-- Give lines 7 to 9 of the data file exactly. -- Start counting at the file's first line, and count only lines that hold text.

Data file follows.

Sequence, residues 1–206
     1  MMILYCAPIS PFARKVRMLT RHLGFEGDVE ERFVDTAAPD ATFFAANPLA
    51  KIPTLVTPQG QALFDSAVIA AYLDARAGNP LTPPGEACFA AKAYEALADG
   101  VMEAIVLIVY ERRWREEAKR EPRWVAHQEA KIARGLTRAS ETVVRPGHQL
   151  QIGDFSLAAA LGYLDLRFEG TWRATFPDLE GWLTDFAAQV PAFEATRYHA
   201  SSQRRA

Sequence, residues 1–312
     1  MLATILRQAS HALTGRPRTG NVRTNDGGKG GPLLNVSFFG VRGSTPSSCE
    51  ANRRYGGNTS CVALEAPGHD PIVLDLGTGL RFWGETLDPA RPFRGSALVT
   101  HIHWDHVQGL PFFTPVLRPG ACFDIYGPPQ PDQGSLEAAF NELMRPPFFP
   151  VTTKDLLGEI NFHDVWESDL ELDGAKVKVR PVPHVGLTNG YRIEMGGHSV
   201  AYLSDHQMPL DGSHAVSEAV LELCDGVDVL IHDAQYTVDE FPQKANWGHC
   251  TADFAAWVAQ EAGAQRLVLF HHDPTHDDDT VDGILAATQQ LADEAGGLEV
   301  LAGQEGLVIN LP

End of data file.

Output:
Sequence, residues 1–312
     1  MLATILRQAS HALTGRPRTG NVRTNDGGKG GPLLNVSFFG VRGSTPSSCE
    51  ANRRYGGNTS CVALEAPGHD PIVLDLGTGL RFWGETLDPA RPFRGSALVT